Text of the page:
Duane Hopkins caused something of a stir back in 2008 when he released a film called Better Things in which he tackled some of the difficulties facing England’s social underclass (to use a politically sensitive word). Now seven years on he returns to his familiar stomping ground to shine a spotlight on a character called Tim who is played by up and coming actor George Mackay. Tim is a guy whose life is speeding rapidly out of control in all directions and Mackay brings an appropriately quiet and despairing presence to the role. He not only immediately asks us to empathise with his plight, his numbed eyes are silently screaming for us to reach in to the film and save him from his grim fate.
When I say that Tim’s life is hard and rapidly becoming harder, I mean it. His father has long since left the family and his mother has died so consequently he has become the sole breadwinner for himself and his younger sister ever since his older brother was locked up for theft. Inevitably he has turned to crime in order to try his best to bring money into the household but it’s never enough to stop the bailiffs who are forever knocking on his door. On top of all of that he is fighting against an aggressive and dangerous illness and the accumulated weight of all of this is threatening the one truly good thing in his life which is the relationship he has with his girlfriend (Charlotte Spencer). Now if all of this sounds a bit much, that’s because it is, the grim social realism is somewhat laid on with a trowel, but it largely works due to the quality of the lead performances and the poetically charged direction by Hopkins.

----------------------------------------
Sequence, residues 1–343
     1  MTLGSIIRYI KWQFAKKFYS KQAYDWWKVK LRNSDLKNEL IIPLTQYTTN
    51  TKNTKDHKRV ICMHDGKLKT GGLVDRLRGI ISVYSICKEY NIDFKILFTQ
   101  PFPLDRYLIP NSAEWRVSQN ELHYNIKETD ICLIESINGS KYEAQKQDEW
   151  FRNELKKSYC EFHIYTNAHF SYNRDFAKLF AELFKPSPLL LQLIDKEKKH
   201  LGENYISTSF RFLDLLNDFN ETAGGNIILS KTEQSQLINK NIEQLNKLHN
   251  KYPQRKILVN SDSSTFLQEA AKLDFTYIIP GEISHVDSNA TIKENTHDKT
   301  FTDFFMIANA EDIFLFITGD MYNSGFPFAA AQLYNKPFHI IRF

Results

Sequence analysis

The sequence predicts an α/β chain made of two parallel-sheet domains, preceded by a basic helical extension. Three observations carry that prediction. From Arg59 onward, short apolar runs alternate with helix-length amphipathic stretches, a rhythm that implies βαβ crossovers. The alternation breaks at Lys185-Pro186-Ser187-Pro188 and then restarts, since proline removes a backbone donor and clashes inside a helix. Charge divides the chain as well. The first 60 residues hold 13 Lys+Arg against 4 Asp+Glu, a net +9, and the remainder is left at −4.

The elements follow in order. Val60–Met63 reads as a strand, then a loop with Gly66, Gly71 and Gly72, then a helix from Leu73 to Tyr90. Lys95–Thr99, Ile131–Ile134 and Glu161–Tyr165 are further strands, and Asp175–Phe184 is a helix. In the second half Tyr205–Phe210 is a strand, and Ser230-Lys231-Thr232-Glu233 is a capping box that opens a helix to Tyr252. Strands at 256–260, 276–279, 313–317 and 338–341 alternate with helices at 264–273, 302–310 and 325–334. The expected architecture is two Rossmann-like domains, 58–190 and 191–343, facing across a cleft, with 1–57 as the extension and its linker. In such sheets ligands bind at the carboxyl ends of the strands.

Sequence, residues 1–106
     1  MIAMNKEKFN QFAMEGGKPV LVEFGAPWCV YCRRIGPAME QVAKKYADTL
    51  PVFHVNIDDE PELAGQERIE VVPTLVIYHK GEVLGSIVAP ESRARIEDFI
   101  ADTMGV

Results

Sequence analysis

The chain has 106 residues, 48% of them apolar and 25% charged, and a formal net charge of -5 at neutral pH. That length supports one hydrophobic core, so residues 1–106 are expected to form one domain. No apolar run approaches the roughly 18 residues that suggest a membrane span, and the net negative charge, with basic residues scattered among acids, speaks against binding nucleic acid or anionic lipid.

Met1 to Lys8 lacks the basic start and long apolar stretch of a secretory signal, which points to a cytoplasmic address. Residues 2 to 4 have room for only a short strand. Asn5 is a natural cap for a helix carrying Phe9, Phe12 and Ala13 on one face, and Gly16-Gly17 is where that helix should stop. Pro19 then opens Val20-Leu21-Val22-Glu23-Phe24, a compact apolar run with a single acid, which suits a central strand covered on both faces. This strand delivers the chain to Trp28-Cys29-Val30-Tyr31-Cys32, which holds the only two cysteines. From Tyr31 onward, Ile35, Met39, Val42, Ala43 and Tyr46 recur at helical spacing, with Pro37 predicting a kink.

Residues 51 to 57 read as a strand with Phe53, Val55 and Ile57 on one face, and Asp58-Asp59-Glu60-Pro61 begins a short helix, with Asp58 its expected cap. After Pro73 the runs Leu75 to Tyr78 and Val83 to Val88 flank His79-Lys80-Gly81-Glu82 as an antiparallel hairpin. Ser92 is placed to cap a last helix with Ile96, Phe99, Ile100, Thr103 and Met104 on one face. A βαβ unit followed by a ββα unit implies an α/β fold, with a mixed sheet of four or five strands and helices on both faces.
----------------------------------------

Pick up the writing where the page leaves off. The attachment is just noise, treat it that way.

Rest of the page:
Now I mentioned that Hopkins’ poetic direction works well and it does, but there are also a few issues with it. The film is rarely given a chance to breathe as it is buried under his thick layer of stylised direction. I believe he chose to go so intensively with the lifting ‘artistic’ shots in order to combat the general feeling of misery which is so prevalent within Bypass. It does succeed in combating that misery and making the film compelling to watch rather than hugely depressing, which it may well have been in another’s hands, but I do think that Bypass could have benefited from just a scene or two more of happiness, of joy. There are scenes like this but they are very few and far between and as a result Hopkins over-directs too often in order to balance out the grimness.
Still despite it being over directed Hopkins has here succeeded at making an affecting film which importantly highlights an area of Britain which most filmmakers wouldn’t touch with a barge pole. He is helped tremendously by his lead actors, particularly George Mackay who brings a weathered likability to his tough role. He often has to communicate great swathes of character without the helpful crutch of dialogue but nevertheless he unswervingly succeeds at guiding us through Tim’s personal hell. Supporting him is Charlotte Spencer who impresses with a strong presence throughout the film in a role which could easily have faded into the background in a lesser actress’ hands.
Byass isn’t flawless with such a depressing outlook that it at times becomes distracting. But it succeeds as a pressing piece of social commentary, it is intelligently constructed and the lead actors shine in their roles. It also further cements Hopkins’ reputation as a promising talent who actually has things to say and has a natural eye for direction. The film opens today in the UK and if you’re considering seeing it I would recommend that you do. It is a dark film but a relevant one, it may even be an important one. And frankly it’s rare that I get to say that about any film which comes my way.
What is the film’s greatest strength? That would have to be the excellent work George Mackay does in the lead role.
Its greatest weakness? It’s script is just a little too intensively sober.
Would I see it again? Yes I would. Despite its resoundingly dark tone there are plenty of things to mull over including the work by Hopkins, Spencer and Mackay, as well as the important social commentary.
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